Over the holidays, I recommended picking up the 5th Edition D&D Player’s Handbook. I failed to realize that I hadn’t really talked about the book here on Ideology of Madness.

Allow me to remedy that mistake.

Let’s start with the book itself. The Player’s Handbook is a 316 page full color hardback book. The book retails at $49.95. The cover illustration of a giant fighting with a hero is just gorgeous and the back cover art of the Hell Hound growling at the melee is also well done. The binding of the book is sturdy and has held up well to multiple references by different people. I mention this because I have purchased books in the past where the binding begins deteriorating after a few uses and this books does not have this issue. The interior are picks up on the promise of the cover and carries it throughout the book. One of the problems I had with prior editions of Dungeons & Dragon was the use of recycled art in the newer base books. This is not the case here. In particular, I like the wide variety of characters that is presented throughout the book. We get tribal warriors, half-orc paladins, female samurai, and a whole host of diverse characters which just made the book sing.

The mechanics of the game are still familiar as Dungeons & Dragons. They have a feel more in line with what we had back in 2.5 with the addition of more narrative focused element in the use of personality traits, ideals, bonds, flaws, and inspiration. Personality traits are just what they seem, how your character acts. they are short phrases or descriptors that help drive your interaction with the story. Ideals are something that your character values highly. Bonds are things which your character is connected and flaws are things that can easily get your character into more trouble. These are important as they are the thing that drives your character acquire inspiration. Inspiration is a benefit accrued by playing to these things in the game. If you get into difficulties because of your flaw, your character gets inspiration. Inspiration can be spent to give you advantage on a roll. this means that you get to roll two D20’s and keep the better of the two results. this is important as this gives a bit more power to the player in avoiding the whiff factor that can be problematic in roleplaying games at low levels. The system is still a simple D20 roll wherein you add the appropriate ability modifier and your proficiency bonus, if any, to come up with a number. If the total meets or exceeds the target number, you succeed. The rules for things that adjust the rolls are simple and easily to keep track.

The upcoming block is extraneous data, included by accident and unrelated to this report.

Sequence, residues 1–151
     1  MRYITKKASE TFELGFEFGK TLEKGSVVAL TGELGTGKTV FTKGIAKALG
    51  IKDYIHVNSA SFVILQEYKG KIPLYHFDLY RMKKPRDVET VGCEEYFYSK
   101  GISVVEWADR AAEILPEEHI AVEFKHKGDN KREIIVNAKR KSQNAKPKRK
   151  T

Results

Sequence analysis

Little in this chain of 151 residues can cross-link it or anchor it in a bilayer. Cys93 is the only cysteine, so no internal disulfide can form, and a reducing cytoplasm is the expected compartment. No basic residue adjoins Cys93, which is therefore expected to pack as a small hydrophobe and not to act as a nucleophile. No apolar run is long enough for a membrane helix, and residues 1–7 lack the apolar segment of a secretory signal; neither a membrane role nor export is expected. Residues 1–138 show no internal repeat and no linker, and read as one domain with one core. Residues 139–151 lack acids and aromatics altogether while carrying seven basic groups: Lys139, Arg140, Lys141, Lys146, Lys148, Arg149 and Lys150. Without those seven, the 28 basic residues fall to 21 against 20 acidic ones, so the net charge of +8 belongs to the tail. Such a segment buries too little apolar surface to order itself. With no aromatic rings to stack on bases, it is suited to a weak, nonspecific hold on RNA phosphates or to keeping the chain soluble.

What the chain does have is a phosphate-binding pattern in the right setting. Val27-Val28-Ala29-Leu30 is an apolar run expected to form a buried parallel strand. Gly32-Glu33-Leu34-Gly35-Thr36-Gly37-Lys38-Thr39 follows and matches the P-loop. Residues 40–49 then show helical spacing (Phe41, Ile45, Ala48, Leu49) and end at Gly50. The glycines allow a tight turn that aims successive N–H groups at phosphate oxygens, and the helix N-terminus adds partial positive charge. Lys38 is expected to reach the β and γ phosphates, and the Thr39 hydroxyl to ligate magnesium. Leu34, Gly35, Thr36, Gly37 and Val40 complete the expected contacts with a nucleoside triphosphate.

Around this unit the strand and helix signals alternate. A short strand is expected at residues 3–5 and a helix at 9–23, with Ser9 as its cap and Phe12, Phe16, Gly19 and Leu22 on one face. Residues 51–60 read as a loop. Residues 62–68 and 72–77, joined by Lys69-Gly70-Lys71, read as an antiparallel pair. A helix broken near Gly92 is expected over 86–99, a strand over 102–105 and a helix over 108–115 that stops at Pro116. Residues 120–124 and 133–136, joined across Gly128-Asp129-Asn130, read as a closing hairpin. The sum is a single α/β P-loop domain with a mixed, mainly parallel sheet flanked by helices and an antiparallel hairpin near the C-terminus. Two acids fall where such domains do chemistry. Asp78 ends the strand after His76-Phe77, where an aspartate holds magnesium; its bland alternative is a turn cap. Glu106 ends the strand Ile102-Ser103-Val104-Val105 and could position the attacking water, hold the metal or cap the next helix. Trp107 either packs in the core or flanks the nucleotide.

Character creation is simple and after the first time through would only require about fifteen minutes of time and effort to complete. You generate your attributes based upon how the group has decided.  There are arrays presented in the book that can be used or dice can be rolled. You then pick your race, class, and background and pick gear. Skills are based up on the background you choose and have more in common with the old proficiency system than 3.5’s skill points. If a skill would apply to a roll, the player gets to add their proficiency bonus to the check. Easy to remember and no messy points to keep track of. I was very pleased to see that 5th Edition kept the Dragonborn and Tiefling in the mix. These were my two new favorite races that appeared in 4th edition and was afraid that they may not remain in this iteration. The classes are ones that previous players from older editions will be familiar. They range from the Bard to the Wizard and cover a variety of complexity levels. For those who want an easy entrance, they can take a fighter and a be ready to go quickly. For those with a penchant for the rules, the wizards provides something more complex to tackle at the outset.

I also enjoyed that references to the different settings from the past are made throughout the book. It makes it easier for those with knowledge of those settings to use them without any official setting books as they are incorporated into the Player’s Handbook from the outset. This also raises my hopes that we will see much more from these older settings as time passes.

All in all, I stand by my earlier recommendation. Dungeons & Dragons 5th Edition is an excellent entry into this illustrious line. It is something easy to understand, quick to pick up and play, and the productions values are stupendous. If I had to find fault, It would be with the price. For $10 less, one could pick up the Pathfinder base book which is a bigger book as well. Hopefully, the books after the basic books will be a little more friendly to the wallet.